Alexander Nehamas

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To study the art of living is to engage in one of its forms.

Alexander Nehamas (born 1946 in Athens, Greece) is Professor of philosophy and Edmund N. Carpenter, II Class of 1943 Professor in the Humanities at Princeton University and a Fellow of the American Academy of Arts & Sciences. He works on Greek philosophy, aesthetics, Nietzsche, Foucault, and literary theory.

Sourced[edit]

  • All we are now concerned with is the search for “new and improved” version of whatever means are already available for attaining goals such means make possible. The value of the goals themselves is irrelevant … What counts is doing things better than before. Whether such things are worth doing in the first place is no longer a question.
    • Foreword to Alain Renaut, The Era of the Individual (1999), p. xi
  • According to Heidegger, the blind desire for manipulation [of nature] came about because modernity turned reason—which was, for the ancients, and even for the medievals, a source of valuable goals—into a purely instrumental faculty.
    • Foreword to Alain Renaut, The Era of the Individual (1999), p. xi
  • For Socrates, virtue was nothing but its own pursuit. And only the promise of happiness is happiness itself.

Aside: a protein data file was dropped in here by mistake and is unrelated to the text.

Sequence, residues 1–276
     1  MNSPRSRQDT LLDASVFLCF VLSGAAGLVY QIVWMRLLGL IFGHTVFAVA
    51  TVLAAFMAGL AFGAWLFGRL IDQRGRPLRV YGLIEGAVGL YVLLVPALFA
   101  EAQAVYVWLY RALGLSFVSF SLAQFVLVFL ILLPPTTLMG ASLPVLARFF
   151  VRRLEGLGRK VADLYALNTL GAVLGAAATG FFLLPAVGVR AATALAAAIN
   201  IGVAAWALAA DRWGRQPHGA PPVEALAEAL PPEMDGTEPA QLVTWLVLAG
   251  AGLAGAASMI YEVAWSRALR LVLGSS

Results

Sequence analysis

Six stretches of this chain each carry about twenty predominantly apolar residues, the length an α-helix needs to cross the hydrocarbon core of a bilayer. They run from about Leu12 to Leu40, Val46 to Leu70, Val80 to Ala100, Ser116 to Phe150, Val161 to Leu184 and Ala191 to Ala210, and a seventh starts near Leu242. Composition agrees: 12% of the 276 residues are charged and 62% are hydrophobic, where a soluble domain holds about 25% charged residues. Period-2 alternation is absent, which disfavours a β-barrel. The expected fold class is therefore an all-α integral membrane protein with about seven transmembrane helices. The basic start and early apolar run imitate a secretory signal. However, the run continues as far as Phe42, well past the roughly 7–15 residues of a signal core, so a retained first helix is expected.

• Only a Promise of Happiness: The Place of Beauty in a World of Art (2010), p. 138

Nietzsche: Life as Literature (1985)[edit]

  • Irony, which in Socrates’ case consists of saying “too little,” functions for him just as hyperbole, which is saying “too much,” functions for Nietzsche.
    • p. 26
  • The one reaction Nietzsche cannot tolerate is indifference, and this is what his use of hyperbole is designed to eliminate.
    • p. 28
  • Both dogmatism and metaphysics … are attempts to project one’s own views on the world, and they are just as much attempts to hide precisely this projection from themselves as well as from their audience.
    • pp. 33-34

The Art of Living (1998)[edit]

  • To study the art of living is to engage in one of its forms.
    • p. 15

External links[edit]

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